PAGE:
Pandemic impacts high school athletes

By Gregory Harutunian For Chronicle Media

Marengo Community High School players celebrate after winning the 2019 Wauconda 3A Sectional title. (Photo by Gregory Harutunian/for Chronicle Media)

In response to the COVID-19 pandemic, professional and collegiate sports schedules for the spring and summer were halted and still remain in a state of indecision as to how they will be resumed, if at all.

Another casualty, largely overlooked, is the impact on high school teams and the athletes entering their senior year and working toward one last season that could have led to a championship or sports scholarship.

An April 21 directive, issued during a video conference session of the Illinois High School Association Board of Directors, summarily canceled all spring state tournaments and suspended the summer contact days for the 2020 season.

The step followed on the heels of Gov. J.B. Pritzker and the Illinois State Board of Education formally closing all state high schools April 17, and the substitution of online learning for the duration of the academic year, as a protective measure for students.

In a press release, IHSA Executive Director Craig Anderson stated, “We support the (closure) decision, and given the logistics, we simply felt we could not conduct state tournaments that meet the expectations of our member schools this spring. As disappointing as it may be for students, it is the right decision for their health and safety, as well as the general public, as we cope with this unprecedented pandemic.”

Spring sports are girls badminton, boys gymnastics, bass fishing, boys and girls track & field, boys & girls water polo, girls soccer, boys tennis, boys & girls lacrosse, boys volleyball, baseball and softball.

McHenry County teams have been well-represented going deep into postseason tournaments. The class level designations have changed in the last two years, from school enrollment size to regional pairings with conference merges and affiliations.

Dwain Nance, Marengo varsity softball head coach. (Photo by Gregory Harutunian/for Chronicle Media)

The county’s rural Marengo Community High School is one such impacted site that normally revels in its spring sports and athletes, along with the academic achievements of the entire student body. The Indians’ softball team has a long and storied program, most recently winning the IHSA Class 3A State Championship in 2017, and the IHSA Class 3A Wauconda Sectional in 2019.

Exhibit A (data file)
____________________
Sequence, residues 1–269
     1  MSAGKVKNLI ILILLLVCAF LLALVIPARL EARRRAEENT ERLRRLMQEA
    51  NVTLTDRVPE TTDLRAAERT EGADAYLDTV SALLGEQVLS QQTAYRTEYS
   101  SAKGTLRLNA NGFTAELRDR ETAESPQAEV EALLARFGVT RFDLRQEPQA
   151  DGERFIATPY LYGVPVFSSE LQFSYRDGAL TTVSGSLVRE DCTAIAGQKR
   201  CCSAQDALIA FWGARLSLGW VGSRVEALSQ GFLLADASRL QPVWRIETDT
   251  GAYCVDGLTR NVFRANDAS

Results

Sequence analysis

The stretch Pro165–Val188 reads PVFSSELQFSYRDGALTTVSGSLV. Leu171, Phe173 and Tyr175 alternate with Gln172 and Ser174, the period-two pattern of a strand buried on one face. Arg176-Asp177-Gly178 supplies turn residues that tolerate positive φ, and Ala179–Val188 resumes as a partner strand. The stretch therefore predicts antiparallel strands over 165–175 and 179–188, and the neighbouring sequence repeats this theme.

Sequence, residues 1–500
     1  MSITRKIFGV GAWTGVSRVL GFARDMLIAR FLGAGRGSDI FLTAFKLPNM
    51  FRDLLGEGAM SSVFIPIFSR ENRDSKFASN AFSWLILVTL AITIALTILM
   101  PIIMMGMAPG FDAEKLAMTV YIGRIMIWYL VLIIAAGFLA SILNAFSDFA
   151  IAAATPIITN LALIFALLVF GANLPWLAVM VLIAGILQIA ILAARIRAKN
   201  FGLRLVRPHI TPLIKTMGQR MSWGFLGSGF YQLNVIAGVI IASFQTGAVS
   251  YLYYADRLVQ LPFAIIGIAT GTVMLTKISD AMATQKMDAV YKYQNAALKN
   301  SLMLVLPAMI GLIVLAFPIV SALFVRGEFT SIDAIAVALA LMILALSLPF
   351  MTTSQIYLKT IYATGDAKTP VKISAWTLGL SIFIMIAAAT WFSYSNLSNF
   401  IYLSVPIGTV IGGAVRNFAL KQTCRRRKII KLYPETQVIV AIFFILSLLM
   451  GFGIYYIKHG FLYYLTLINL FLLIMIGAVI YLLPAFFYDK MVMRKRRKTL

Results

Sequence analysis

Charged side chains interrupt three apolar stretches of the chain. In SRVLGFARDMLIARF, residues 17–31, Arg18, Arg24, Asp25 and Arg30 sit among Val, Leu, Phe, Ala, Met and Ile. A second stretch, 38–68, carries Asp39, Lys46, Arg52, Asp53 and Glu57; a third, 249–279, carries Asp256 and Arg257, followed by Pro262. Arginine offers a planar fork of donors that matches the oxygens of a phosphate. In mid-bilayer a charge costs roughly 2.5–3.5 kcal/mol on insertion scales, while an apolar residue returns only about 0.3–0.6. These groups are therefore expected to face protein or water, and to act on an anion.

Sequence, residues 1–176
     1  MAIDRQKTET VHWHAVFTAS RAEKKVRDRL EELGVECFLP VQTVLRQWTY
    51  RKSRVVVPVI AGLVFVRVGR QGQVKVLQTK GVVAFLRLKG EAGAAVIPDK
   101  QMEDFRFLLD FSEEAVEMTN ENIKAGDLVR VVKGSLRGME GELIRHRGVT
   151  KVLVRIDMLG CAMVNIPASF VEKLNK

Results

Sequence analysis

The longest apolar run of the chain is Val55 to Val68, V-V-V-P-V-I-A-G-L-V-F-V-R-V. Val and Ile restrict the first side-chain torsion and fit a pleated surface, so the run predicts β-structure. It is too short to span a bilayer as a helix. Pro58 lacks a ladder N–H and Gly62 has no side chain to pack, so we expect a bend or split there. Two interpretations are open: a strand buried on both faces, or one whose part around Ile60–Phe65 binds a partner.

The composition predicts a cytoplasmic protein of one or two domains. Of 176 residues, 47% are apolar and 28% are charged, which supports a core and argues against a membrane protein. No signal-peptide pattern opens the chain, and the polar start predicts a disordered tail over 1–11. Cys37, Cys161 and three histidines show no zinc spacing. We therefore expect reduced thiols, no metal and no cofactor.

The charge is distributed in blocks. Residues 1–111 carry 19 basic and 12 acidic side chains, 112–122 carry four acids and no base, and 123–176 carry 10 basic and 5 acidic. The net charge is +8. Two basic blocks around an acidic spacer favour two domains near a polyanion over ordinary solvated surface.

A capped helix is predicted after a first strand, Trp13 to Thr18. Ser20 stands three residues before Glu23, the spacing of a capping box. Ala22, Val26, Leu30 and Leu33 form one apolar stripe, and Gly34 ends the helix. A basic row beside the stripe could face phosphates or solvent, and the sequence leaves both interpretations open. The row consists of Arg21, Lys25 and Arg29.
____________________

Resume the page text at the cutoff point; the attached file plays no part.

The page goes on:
“We are extremely disappointed, but understand that there are bigger things in life than a softball season,” said Dwain Nance, Marengo varsity softball head coach. “I know a lot of our players are getting some time in hitting, fielding, pitching … and hopefully still doing their calisthenics.

“We have been doing some things along this experience … we have done video Google chats about the program, about player interests and hobbies … we really feel for our seniors, and we have five graduating: Dani Hartmann, Olivia Pribyl, Brooke Aubry, Abagail Powers, and Mikayla Wzientek,” he said. “I really wanted one more season with them. They are such great people to be around.”

Since 2008, softball team members of each graduating class at the high school have reached the state finals. The 2020 class would have held the last such distinction. Future players come through the Marengo-Union Girls Softball program, which utilizes the team’s coaches and teaches basic fundamentals of play.

“We are in a fortunate situation with the MUGS program and summer ball,” said Nance. “Most of our kids will be playing traveling ball through the program, once they are able, so they’ll have summer ball to look forward to … but at this point, we don’t know if it will happen. For Marengo, we have some good players coming back for the 2021 season, and there haven’t been any classification changes meaning we will stay at Class 2A for now.”

Nance views the 2020 season as part of a learning experience.

“This has been tough for all of us. Personally, I look forward to the spring season, I really enjoy the journey and the experiences that we have throughout it. We always win our fair share of games, but that is not always the focus in our program.

“This has been a crazy time, for sure. Winning is the by-product of doing many things correctly, and coming together as a team. And I think that is the lesson.”